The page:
U.S. House Considers Bill To Cut Aid To Tuna Treaty Countries

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Pacific Islands Development Program, East-West Center With Support From Center for Pacific Islands Studies, University of Hawai‘i

$21 million aid package attached to fishing agreement

By Fili Sagapolutele

PAGO PAGO, American Samoa (The Samoa News, Feb. 2, 2016) – Because the Pacific Islands Forum Fishery Agency (FFA) is no longer issuing fishing licenses to the US fleet, a California congressman has introduced federal legislation prohibiting the US government from using Congressionally approved funds as aid to Pacific Island countries who are parties to the South Pacific Tuna Treaty.

US Rep. Duncan Hunter, a Republican, last month threatened to introduce such a measure following the impasse surrounding the Tuna Treaty payment from the US fleet to FFA, which administers the Treaty for 17 Pacific island countries. The FFA has not issued any fishing license for some 30 US vessels under the Treaty.

Introduced Monday in the US House, the Fairness to United States Distant Water Fishermen Act of 2016, is co-sponsor by Rep. Juan Vargas, also of California. And the measure has been referred to the House Committee on Foreign Affairs.

Congress allocates about $21 million annually to the US State Department as part of the federal government’s financial aid to Pacific island countries, under the Tuna Treaty but Hunter’s bill prohibits the use of the funds to provide assistance under the agreement between the US government and FFA.

In introducing the bill, Hunter told his colleagues that the US has been party to the Treaty for 28 years with certain Pacific island countries. At the time, the Treaty resolved maritime boundary disputes and secured access for US fishermen to tuna stocks wherever they migrated beyond the coastal waters of Pacific Island nations.

To provide such access, multi-year fishing agreements were established, where vessel owners could pay for a license to access the Treaty area, roughly ten million square miles of the South Pacific Ocean, he said.

In addition to the industry license payments, the Treaty includes a related Economic Assistance Agreement between the FFA, and US he said, adding that the economic assistance usually ran in conjunction with the multi-year fishing agreement.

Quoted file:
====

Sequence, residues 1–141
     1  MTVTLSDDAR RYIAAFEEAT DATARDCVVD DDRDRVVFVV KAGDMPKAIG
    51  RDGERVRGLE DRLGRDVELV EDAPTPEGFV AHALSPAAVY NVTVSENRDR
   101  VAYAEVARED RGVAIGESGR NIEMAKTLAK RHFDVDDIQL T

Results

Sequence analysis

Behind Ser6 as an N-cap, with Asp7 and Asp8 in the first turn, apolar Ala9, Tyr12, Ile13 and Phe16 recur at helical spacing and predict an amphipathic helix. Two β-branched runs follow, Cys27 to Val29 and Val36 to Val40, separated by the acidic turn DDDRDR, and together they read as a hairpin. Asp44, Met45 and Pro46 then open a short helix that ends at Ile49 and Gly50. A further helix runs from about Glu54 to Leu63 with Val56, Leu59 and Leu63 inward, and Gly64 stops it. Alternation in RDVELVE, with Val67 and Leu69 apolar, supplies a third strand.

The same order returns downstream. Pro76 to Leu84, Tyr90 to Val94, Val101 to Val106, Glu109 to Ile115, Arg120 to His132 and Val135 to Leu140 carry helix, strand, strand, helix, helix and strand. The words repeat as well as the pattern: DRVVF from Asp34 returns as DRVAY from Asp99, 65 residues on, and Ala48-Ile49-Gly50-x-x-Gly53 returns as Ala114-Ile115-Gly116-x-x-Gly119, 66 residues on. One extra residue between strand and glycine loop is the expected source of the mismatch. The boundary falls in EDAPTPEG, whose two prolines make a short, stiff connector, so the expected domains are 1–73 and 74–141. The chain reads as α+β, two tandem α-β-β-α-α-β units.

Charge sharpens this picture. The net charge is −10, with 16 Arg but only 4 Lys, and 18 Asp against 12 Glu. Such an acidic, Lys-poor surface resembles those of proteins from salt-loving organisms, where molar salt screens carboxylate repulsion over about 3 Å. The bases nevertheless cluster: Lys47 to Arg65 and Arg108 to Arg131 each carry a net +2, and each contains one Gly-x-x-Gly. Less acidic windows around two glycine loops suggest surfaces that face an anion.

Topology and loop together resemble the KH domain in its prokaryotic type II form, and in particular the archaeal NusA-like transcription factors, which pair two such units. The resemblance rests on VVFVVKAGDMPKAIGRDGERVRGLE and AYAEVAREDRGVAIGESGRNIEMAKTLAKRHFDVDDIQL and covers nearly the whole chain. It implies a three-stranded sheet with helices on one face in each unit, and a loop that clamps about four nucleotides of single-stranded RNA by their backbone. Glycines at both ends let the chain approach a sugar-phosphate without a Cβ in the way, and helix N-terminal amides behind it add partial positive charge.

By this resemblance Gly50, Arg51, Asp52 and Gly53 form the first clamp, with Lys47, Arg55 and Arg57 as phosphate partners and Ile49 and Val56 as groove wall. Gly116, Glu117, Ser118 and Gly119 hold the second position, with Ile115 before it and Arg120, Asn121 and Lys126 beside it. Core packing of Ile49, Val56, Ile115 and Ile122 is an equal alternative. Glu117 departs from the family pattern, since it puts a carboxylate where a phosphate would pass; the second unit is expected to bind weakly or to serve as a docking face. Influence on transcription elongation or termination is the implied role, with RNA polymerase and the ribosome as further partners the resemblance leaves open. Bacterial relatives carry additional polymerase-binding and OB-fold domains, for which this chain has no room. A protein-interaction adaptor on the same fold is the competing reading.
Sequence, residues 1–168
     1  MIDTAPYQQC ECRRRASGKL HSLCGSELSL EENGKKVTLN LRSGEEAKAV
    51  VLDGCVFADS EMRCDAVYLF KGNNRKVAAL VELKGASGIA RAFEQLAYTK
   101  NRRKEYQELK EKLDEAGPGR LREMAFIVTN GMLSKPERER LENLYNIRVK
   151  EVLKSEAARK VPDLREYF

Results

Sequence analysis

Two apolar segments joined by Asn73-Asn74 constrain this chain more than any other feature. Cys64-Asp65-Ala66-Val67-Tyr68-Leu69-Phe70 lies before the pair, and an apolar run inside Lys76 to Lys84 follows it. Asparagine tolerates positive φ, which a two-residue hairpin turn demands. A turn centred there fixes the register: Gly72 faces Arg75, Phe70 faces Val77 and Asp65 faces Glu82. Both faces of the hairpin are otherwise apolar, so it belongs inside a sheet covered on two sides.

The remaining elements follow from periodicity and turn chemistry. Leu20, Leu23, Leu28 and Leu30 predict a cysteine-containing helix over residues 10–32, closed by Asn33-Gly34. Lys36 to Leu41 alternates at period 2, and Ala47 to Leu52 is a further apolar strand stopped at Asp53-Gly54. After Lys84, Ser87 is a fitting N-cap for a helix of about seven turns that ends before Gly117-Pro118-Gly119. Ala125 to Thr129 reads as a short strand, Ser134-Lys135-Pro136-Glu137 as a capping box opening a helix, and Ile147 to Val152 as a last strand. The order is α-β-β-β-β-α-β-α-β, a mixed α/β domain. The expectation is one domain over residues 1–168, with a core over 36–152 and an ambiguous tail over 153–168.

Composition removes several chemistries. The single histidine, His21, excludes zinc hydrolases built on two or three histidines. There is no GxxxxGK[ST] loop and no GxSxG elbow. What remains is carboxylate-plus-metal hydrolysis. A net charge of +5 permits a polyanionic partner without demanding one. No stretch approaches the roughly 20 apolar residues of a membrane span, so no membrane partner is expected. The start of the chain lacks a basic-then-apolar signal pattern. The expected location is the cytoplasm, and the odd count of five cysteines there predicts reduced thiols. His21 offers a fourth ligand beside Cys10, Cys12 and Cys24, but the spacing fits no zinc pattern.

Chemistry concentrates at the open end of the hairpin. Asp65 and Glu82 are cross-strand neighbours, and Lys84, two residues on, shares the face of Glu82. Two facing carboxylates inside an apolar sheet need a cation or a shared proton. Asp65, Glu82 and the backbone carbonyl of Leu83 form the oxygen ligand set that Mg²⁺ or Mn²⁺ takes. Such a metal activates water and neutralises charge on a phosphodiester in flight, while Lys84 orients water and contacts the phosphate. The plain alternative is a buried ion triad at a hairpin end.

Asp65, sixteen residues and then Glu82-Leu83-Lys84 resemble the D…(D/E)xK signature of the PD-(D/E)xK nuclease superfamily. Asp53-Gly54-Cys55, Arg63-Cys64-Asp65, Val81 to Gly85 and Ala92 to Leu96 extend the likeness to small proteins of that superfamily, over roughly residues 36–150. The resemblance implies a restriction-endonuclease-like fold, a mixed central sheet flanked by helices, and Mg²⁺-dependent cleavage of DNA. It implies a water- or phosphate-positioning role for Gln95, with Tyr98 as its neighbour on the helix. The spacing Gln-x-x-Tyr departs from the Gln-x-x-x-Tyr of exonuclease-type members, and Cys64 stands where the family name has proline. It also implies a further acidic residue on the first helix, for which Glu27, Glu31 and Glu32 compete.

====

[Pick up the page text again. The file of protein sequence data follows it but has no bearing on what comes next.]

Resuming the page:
He says that in 2013, a 10-year Economic Assistance Agreement of $21 million a year was adopted. "It is important to stress that the economic assistance does not occur on its own; it has always been tied to United States fishermen fishing in the Treaty area," Hunter said, according to a copy of his written statement on Congressional records.

He explained that the multi-year fishing agreements were fairly stable under the Treaty for the first 25 years, with the last 10-year agreement expiring in 2013. Since then, the US and Pacific Island nations have only been able to agree on annual agreements, "the last few being detrimental to United States-flag vessels due to lower tuna prices and payment for unused fishing days causing economic hardship," he said.

According to the Congressman, the most recent non-binding agreement was developed in August 2015, and has been under month's long discussion between the State Department and FFA regarding the final number of fishing days the United States and its industry will be paying for in 2016.

However, since Jan. 1 this year, US-flag vessels have been banned from the Treaty fishing area, even though the US government paid $21 million in economic assistance in June 2015, which covers through June 2016, he said.

"The thirty-seven US flag vessels are impacted by the ban and are losing money every day the vessels are tied up. The impact on the United States-flag fleet cannot be minimized," he said. "The viability of these United States companies and American jobs are at stake."

Hunter says this legislation would prohibit the US government from providing economic assistance payments to the FFA when there is no Treaty agreement allowing United States-flag vessels access to the Treaty area.

Last month the State Department announced that it has given notice of intent to withdraw from the Treaty. And according to the FFA the US has defaulted on its payment for the Treaty, which was due Jan. 1, 2016.

"We now have two immediate priorities – to find a resolution for the 2016 impasse that will represent the best outcome for the Pacific; and to continue our work to restructure the Treaty," said FFA’s acting Director-General, Wez Norris. "On the latter, we recognize the issues of inflexibility that the US is now grappling with, and Pacific countries have struggled with the exact same issues over the last few years."

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